GRAND RAPIDS, Mich. (WOOD) — The story is the same for just about any Grand Rapids firefighter who has answered a call on US-131’s S-curve.
“There have been some close calls,” said Grand Rapids Fire Department Lt. Mark Penning.
His Ladder Truck 2 crew responds from the Franklin Street firehouse, just about a block away from US-131.
“Cars are cutting in — seem to be driving the speed limit — cutting in at the last minute,” Penning said.
The death of Comstock Township Fire Chief Edward Switalski highlights the dangers first responders face when responding to calls.
Too often, while they are attending to someone who needs help, other drivers aren’t attending to good driving habits.
“Every year nationally, we lose about 50 to 60 tow truck operators, a dozen law enforcement officials and half-a-dozen fire personnel on the scene of incidents in the roadway,” said GRFD Deputy Chief Ron Tennant.
Those crashes occur despite Michigan’s Move Over Law. The measure sets fines and other penalties for drivers who don’t attempt to move over when they see the flashing lights of a police car, firetruck, ambulance or tow truck.
Get caught and it’s a $500 misdemeanor that could put you in jail for 90 days.
Violate the law and hit a first responder, and it becomes a felony punishable up to two year in prison and up to $1,000 in fines. If the responder is killed, the driver could face up to 15 years in prison and a $7,500 fine.
Tennant is also co-chair of the state’s Traffic Incident Management Action Team. The group includes first responders working on ways to improve safety in highway emergency situations.
“It’s a very dangerous place out there for us as workers and our families. We’re very worried about that,” said Tennant.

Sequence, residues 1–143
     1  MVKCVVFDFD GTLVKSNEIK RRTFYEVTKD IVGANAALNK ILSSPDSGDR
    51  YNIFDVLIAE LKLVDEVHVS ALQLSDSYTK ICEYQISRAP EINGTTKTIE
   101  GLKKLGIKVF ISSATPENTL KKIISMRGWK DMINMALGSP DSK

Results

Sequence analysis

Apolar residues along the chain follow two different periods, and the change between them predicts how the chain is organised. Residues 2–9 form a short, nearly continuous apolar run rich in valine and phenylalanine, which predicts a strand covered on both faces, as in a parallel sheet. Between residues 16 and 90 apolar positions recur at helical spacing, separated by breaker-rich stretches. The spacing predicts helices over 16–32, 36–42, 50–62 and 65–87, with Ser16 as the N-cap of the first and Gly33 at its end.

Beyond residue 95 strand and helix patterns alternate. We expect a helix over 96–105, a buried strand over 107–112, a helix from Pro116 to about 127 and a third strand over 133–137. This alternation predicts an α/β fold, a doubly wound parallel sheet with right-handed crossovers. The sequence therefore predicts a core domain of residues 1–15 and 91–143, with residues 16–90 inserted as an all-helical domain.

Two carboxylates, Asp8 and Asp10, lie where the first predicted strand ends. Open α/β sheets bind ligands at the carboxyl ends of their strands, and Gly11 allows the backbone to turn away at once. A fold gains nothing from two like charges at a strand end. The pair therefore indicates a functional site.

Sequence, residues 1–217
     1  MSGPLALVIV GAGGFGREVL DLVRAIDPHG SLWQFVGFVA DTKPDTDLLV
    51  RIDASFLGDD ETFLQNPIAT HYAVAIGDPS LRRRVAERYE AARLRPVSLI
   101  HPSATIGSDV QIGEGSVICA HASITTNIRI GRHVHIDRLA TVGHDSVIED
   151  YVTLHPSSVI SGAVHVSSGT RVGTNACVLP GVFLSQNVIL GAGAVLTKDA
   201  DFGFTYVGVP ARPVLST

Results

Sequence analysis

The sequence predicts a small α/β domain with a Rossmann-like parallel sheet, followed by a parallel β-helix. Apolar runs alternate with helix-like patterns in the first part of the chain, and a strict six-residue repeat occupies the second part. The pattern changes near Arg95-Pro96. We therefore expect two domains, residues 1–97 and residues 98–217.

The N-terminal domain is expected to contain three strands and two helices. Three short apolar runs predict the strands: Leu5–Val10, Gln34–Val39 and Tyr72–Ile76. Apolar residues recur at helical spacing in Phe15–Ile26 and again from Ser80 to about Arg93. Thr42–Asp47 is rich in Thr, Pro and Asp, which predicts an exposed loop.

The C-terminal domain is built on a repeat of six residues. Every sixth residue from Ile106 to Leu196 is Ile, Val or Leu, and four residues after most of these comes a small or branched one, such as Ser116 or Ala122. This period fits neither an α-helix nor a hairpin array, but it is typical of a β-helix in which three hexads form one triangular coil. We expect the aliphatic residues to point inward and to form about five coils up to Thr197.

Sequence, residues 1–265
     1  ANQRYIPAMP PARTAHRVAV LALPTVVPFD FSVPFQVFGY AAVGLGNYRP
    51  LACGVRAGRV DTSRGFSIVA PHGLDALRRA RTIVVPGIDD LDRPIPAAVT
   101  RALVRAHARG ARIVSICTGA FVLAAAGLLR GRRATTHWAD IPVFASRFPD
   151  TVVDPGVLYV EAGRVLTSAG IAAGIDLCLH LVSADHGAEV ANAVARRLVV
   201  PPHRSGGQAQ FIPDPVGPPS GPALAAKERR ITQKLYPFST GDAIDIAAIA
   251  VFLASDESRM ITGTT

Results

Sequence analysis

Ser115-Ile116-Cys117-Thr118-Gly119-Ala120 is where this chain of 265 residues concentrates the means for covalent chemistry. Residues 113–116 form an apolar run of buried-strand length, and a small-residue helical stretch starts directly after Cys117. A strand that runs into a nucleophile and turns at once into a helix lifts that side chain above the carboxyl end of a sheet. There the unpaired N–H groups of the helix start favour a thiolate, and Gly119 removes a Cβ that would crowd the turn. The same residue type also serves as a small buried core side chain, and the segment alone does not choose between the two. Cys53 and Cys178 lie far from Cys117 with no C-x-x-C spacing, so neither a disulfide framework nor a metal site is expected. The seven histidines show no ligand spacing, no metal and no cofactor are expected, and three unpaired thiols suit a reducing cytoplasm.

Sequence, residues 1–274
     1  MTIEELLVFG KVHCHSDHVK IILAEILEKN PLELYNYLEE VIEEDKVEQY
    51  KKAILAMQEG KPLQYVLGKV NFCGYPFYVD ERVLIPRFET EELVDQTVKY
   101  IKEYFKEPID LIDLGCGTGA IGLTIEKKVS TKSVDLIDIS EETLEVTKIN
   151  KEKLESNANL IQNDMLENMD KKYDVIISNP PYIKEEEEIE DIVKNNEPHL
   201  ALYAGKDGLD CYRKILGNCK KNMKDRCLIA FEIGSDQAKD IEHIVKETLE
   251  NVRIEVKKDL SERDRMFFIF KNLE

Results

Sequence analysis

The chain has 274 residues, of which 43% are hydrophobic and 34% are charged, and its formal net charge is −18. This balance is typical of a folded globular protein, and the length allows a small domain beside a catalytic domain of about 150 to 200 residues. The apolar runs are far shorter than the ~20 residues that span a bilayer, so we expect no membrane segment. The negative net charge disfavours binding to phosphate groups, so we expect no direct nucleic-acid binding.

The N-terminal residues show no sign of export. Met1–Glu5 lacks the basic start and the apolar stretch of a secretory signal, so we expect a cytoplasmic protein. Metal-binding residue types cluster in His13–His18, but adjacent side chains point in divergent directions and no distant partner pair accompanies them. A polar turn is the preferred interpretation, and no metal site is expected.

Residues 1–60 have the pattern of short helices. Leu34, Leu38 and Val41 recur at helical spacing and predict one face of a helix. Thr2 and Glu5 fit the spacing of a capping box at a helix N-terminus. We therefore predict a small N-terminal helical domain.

It’s not just the risk of injury and death. A few years ago, crashes involving GRFD vehicles blocking traffic lanes during crash caused a half-million dollars in damages and caused shortages of vital fire equipment.
Rebuilding a damaged fire truck can take up two years. So department leaders came up with some solutions, like a marking system on the S-curve. They’ve also reduced the time it takes to get a wrecker on scene and clear the roadway.
“Where we’ve pre-engineered locations to park our vehicles for maximum time of visibility by the motorist approaching the incident,” said Tennant.
Those same markings will soon appear on portions of I-196.
GRFD firefighters are also getting additional training in how to be safe at crash scenes. Perhaps the biggest idea in both size and concept is Utility Two.
The fire department repainted an old public works dump truck, which the city was about to sell at auction.
Utility Two is fire engine red and has mounted lights, a siren, traffic arrow and an attenuator — which is more or less a big shock absorber on a trailer. It began responding as the department’s main traffic blocking unit, replacing the more expensive pumper and ladder truck.
“They’re hitting something that can absorb the energy rather than letting the energy being absorbed by them and their vehicle,” said Tennant.
And while it’s difficult to gauge the success of something when it doesn’t happen, firefighters are convinced Utility Two has worked.
“There is no hard data, but we believe we have reduced incidents because of the availability of the unit,” said Tennant.